"Too big to split" is now code in the Jones family for anything fervently believed by others but completely inexplicable to us. Some mysteries in life are not to be answered: They're simply too big to split.
Life tip #5- Mommas need posses: Not long after my week-long hospitalization for mastitis and Ranger's cold-turkey weaning, I went back to library group. Ranger was hungry, so I started looking through my bag for still-foreign formula supplies. I'd left something essential at home, but a friend loaned me the missing supply and peace was restored after a short Ranger meltdown. The whole situation left me sad and rattled and a mom next to me said (with a strong dose of self-righteousness) "Well, that's why I breastfeed my daughter." About the time my eyes started to burn, but before they filled with tears my momma friends jumped to my defense. It immediately made me smile to watch them go after this woman. If it's bad to anger a momma bear, it's apocalyptic to anger a den of them.
Life tip #6- Few things are more empowering than helping others.
This sounds really trite, but the second major life event for the Jones in 2005 (shortly after the birth of Ranger in chronology and significance) was being hit by a 2 AM F3 tornado. As was the case with many tornado victims (and I suspect other disaster victims in the wake of Katrina), our insurance company was using every dirty tactic in the book to not pay enough to repair our damaged home.
I was so angry and felt completely subject to the company's decisions. I was told there was no appeals process and I had to settle on their terms. We just wanted a fair settlement (a working house). No one had any idea what to do to get our costs covered. One Friday night I decided to give up an accept their paltry offer and work to make up the $10k+ deficit on our own. I was broken. Thank God it was a weekend. On Sunday, my Dad told a funny story about grandpa and the federal credit card regulatory agency and the penny dropped. While insurance is regulated on a state by state basis, our state has a great Department of Insurance. Talking to one of their investigators gave me enough information to scare the insurance company into meeting our costs. That made me feel a little better, but it was a still a painfully long and frustrating process.
In the meantime, I invited the Department of Insurance to return to our city about 2 months after the tornado for two public meetings. They were WONDERFUL. They came and worked individually with every one who attended the public meetings. It turned out our insurance problems were minor in the grand scheme of things. Fines were levied, some people who had previously been cheated were given 100% or more of their policies' benefits. You can read about it here. This particular settlement is the product of a lot of hard work by a lot of fine people, but the egregious treatment by the insurance company only came to light in those public meetings. The fact that people cared about our community (not the message conveyed by some insurance companies) was more healing than any restoration of our home. Knowing I could still help others when I had felt so subject to circumstance helped me get out of bed during those terribly dark months.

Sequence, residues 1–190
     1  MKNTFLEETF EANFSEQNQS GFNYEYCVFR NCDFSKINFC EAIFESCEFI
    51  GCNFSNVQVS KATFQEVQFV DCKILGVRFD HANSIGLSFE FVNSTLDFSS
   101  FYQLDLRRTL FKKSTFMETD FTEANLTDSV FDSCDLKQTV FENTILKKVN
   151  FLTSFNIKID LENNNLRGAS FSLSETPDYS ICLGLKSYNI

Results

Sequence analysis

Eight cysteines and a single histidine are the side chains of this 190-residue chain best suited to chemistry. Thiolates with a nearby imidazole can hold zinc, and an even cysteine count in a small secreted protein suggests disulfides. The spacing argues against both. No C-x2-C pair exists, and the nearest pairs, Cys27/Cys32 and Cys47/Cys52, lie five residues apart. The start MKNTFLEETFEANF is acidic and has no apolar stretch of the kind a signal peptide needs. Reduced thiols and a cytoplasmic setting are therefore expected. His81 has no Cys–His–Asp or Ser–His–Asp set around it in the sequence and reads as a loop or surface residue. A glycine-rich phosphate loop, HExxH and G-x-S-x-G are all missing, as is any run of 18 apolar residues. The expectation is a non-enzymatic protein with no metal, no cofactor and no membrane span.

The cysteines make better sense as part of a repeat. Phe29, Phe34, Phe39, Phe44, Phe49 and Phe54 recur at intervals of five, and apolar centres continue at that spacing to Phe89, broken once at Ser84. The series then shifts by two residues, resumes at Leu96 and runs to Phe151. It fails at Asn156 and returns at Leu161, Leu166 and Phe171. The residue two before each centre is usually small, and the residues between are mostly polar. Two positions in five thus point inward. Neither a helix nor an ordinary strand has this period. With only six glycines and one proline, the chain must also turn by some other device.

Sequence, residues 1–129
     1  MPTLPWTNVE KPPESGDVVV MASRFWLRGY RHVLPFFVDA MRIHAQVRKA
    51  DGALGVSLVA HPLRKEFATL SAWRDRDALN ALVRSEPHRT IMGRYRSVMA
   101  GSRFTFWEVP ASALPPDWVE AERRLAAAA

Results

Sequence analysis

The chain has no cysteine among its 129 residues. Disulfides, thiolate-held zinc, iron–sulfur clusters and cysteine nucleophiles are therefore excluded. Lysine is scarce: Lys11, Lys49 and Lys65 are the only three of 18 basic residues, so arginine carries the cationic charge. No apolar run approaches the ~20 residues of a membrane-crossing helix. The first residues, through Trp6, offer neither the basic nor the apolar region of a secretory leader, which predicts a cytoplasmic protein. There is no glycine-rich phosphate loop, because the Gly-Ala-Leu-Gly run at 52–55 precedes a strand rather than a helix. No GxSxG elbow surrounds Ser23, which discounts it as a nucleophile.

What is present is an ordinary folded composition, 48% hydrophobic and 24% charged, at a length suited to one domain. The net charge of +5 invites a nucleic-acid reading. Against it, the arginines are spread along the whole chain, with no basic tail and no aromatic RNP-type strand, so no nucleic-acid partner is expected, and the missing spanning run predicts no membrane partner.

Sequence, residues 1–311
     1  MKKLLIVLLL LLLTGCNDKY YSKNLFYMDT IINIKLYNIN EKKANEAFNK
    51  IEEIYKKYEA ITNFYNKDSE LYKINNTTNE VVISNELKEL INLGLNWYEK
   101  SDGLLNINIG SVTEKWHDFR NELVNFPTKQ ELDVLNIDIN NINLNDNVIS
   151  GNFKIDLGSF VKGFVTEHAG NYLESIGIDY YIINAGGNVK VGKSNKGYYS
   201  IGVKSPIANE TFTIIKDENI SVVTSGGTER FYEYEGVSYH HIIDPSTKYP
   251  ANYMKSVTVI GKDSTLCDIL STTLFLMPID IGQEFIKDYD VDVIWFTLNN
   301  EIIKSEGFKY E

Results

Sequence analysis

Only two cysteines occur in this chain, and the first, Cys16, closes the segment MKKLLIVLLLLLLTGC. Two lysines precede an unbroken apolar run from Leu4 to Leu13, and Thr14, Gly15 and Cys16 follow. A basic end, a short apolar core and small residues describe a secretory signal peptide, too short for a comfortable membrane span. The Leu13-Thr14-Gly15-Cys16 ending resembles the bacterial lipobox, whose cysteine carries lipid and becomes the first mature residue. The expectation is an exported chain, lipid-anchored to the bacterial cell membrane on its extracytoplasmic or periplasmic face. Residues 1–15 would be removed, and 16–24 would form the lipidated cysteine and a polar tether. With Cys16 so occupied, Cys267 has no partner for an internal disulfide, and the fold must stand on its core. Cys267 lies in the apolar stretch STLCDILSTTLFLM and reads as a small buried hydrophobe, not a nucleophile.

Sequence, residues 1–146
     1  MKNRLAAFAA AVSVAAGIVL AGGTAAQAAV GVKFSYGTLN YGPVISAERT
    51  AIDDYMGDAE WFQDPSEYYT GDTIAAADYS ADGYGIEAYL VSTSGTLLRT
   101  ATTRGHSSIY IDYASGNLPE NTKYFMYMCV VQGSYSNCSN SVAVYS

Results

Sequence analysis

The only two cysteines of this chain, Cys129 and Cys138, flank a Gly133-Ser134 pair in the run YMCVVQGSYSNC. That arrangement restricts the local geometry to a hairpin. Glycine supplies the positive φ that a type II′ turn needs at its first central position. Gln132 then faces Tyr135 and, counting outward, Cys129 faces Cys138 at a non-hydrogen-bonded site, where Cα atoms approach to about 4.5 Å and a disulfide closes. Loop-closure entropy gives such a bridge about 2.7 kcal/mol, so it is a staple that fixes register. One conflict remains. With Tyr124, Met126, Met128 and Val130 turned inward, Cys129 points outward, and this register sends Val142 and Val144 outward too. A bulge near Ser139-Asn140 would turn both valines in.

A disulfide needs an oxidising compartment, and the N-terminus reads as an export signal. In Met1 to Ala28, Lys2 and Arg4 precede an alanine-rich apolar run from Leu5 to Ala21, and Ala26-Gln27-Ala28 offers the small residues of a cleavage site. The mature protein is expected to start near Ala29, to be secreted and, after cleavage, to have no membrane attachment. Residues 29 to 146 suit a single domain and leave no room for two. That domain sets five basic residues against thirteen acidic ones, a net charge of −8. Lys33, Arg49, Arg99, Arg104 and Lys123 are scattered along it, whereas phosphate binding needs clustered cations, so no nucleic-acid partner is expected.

(Side note: Our absolutely horrible experience was with Horace Mann and their subsidiary Teachers Insurance Company- I know you were wondering.)
Life tip #7- Look everyone in the eye. I stole this from Mother Teresa's playbook (I doubt she'll pursue me for copyright). Not necessary long, lingering looks, but enough to realize you're interacting with someone. I honestly think this changes the viewer more than the viewee. It's improved my life greatly and goes well with a smile.
Life tip #8- (also known as the Jones family motto)
So Jim and I went to this arts fair over a decade ago and watched a master baker decorate cakes (see, adventure around every corner!). This guy could created contest-worthy creations in record time. He then took questions. An observer asked him to show the best technique to make a rose. He pulls out something that looks like a giant thumbtack and pipes a perfect rosette on it in less than 30 seconds while giving good narration.
His questioner looked perplexed. "That's how I do it and mine never look that good." She probed for his trade secret, "How do you do it so easily?"
Through a wide grin he offered a secret to success in life as well as rose-making "The first thousand times are the hardest."
To further this "8 Random Things About Me" meme, I'm passing it on to: